Apparently, the AP couldn't wait because it had a big scoop on its hands.  "A scoop of what?" is a question we should all ask ourselves.  The politicization of journalism is an issue I'll leave to Fox News and the News Corporation's tendency to wiretap people like the Queen of England simply to sell papers.   

gordonhilgers
gordonhilgers

@holmantx@gordonhilgersFrom a  2007 U.S. Justice Department brief to the U.S. Supreme Court:

""Petitioners allege that Novak's July 14, 2003 column publicly disclosed Ms. Wilson's covert CIA employment and that that disclosure 'destroyed her cover as a classified CIA employee.' Petitioners, however, allege that Novak's source was Armitage, and do not allege that any of the three defendants against whom Mr. Wilson presses his First Amendment claim-Cheney, Rove, and Libby-caused that column to be published. In the absence of factual allegations that Mr. Wilson's alleged injury from the public disclosure of his wife's CIA employment is 'fairly traceable' to alleged conduct by Cheney, Rove, or Libby, petitioners have failed to establish Article III jurisdiction over Mr. Wilson's First Amendment claim."

The Supreme Court refused to hear the case. 

holmantx
holmantx topcommenter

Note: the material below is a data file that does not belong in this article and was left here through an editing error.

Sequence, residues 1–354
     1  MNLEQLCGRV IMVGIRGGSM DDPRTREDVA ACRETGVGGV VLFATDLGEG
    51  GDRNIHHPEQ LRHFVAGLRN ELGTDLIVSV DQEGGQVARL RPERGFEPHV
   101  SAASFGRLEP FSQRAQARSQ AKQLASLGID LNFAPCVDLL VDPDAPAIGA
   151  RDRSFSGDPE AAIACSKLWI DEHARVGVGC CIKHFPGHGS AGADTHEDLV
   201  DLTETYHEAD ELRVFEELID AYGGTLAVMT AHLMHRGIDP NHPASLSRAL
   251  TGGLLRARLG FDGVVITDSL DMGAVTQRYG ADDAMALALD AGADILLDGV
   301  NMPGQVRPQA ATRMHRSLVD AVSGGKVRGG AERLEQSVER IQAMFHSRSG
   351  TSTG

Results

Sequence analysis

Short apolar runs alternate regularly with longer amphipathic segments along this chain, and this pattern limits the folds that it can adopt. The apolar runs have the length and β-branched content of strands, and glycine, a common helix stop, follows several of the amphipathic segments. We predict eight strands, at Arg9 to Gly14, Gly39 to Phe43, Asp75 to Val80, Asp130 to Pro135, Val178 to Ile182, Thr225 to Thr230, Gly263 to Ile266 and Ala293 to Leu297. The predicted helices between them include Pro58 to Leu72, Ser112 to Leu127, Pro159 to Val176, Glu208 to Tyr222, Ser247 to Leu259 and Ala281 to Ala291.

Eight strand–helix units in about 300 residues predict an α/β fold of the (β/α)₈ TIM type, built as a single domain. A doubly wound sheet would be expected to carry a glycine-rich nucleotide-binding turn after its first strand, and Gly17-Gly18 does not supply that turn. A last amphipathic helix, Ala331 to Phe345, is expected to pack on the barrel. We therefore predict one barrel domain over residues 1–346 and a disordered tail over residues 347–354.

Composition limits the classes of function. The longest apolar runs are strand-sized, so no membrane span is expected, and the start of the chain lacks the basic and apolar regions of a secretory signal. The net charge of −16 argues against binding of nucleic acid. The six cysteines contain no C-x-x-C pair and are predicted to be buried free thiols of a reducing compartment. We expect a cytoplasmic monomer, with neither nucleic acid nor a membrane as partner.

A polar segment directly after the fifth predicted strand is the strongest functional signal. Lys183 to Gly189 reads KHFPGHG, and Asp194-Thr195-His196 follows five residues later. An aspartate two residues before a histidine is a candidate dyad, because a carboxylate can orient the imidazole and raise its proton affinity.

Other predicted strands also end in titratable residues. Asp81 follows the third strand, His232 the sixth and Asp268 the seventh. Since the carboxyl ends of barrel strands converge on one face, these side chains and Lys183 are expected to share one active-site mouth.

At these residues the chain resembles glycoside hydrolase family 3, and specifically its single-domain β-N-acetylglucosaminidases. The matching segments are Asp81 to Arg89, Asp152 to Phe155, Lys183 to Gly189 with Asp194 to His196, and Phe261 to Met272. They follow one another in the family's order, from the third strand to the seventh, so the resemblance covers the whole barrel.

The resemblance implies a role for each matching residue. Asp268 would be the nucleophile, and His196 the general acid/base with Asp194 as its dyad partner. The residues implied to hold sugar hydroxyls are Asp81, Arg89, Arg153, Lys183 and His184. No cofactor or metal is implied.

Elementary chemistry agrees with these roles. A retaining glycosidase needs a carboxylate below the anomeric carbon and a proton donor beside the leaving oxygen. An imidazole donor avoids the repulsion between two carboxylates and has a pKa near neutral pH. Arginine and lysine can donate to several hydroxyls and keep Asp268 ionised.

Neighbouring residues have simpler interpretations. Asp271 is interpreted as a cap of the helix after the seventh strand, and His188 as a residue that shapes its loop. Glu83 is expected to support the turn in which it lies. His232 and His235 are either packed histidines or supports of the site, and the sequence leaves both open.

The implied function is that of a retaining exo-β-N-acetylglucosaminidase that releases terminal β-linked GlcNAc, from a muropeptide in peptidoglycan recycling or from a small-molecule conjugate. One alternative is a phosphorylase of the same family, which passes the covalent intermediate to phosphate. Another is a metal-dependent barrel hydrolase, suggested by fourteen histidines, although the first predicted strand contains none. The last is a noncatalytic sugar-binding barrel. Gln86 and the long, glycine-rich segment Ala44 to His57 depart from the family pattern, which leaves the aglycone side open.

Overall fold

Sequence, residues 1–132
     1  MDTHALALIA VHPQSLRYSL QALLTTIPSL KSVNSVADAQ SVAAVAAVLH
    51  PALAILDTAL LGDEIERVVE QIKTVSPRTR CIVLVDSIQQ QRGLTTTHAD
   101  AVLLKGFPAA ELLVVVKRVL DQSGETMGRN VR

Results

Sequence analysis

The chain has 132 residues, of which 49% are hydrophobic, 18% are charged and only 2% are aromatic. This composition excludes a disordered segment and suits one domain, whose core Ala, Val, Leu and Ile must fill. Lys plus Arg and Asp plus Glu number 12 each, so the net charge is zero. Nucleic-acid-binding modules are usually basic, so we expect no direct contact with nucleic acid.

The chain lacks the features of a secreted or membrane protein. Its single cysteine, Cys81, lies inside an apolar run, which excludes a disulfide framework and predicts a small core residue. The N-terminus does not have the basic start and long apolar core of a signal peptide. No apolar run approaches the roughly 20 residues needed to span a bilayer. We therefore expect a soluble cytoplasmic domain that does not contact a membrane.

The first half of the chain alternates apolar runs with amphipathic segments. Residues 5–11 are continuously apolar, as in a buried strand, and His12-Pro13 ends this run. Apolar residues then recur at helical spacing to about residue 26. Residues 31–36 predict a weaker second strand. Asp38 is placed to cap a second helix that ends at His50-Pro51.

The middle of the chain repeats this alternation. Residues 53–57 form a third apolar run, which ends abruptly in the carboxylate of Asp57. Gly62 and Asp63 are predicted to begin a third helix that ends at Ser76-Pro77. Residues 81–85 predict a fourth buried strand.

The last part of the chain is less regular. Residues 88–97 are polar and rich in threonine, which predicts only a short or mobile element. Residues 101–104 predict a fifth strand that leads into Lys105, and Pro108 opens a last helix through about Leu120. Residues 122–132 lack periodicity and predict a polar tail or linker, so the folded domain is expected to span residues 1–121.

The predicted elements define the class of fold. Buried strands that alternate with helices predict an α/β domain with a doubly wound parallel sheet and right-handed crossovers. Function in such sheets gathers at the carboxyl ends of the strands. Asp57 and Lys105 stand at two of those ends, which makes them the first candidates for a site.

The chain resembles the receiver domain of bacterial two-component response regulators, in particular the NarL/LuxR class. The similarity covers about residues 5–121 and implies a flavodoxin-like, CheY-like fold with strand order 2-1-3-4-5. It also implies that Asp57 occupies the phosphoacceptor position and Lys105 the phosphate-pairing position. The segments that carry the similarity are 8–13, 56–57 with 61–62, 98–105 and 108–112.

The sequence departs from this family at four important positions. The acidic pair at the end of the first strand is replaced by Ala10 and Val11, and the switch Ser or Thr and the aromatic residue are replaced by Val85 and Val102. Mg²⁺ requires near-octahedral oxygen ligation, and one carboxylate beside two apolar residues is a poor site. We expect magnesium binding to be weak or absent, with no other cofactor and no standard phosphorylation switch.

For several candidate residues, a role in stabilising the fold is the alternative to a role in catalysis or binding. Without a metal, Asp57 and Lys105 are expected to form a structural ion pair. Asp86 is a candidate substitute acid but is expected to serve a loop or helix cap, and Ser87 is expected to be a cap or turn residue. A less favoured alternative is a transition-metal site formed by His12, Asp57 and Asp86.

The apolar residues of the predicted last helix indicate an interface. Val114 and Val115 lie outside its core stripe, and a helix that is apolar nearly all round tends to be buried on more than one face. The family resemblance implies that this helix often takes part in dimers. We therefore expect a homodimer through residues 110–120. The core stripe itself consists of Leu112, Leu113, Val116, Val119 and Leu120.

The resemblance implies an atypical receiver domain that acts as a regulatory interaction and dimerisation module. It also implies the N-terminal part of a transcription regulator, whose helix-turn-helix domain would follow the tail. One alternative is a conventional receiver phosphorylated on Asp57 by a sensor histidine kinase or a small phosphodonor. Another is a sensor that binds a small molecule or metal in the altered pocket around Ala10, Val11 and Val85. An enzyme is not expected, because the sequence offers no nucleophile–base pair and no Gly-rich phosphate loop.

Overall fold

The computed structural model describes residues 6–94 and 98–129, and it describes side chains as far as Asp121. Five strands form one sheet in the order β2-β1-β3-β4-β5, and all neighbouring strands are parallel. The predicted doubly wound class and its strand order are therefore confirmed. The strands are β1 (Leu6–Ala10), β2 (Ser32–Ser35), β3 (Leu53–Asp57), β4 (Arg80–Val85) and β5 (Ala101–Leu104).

@gordonhilgers @holmantx

Kinda screws up your narrative, doesn't it?  

Richard Lee Armitage (born April 26, 1945) was a distinguished naval officer, a Republican politician who was appointed the 13th United States Deputy Secretary of State at the State Department, serving from 2001 to 2005 under George W. Bush.  He has acknowledged that he publicly released the classified information that Valerie Plame Wilson was a secret agent for the CIA, triggering the Plame Affair, though he has said it was inadvertent.

He was a neoconservative.  Bush was duped but fired the people who cherry-picked the intel to get us in Iraq.

However, that is no excuse.  Only an explanation.  

Just like President Obama.  

He let his ideologues run wild.  Only in this case, they have no interest in foreign affairs (see: Benghazi incompetence).  Their impetus is using government agencies, the bureaucracy, to destroy their enemies.

But the ending will be the same.  Like Nixon, Obama is trying to protect them in hopes the people who voted for him will overlook what they did.  

However, using the IRS to attack groups you politically disagree with was fatal.

And Holder attacking the AP and the reporter was absolutely insane.  

Very Sovietesque.

RTGolden1
RTGolden1 topcommenter

@russell.allison1 @JimSX To be fair, TOTAL OBSCURITY is a level of transparency, just at the other end of the spectrum from what we were expecting....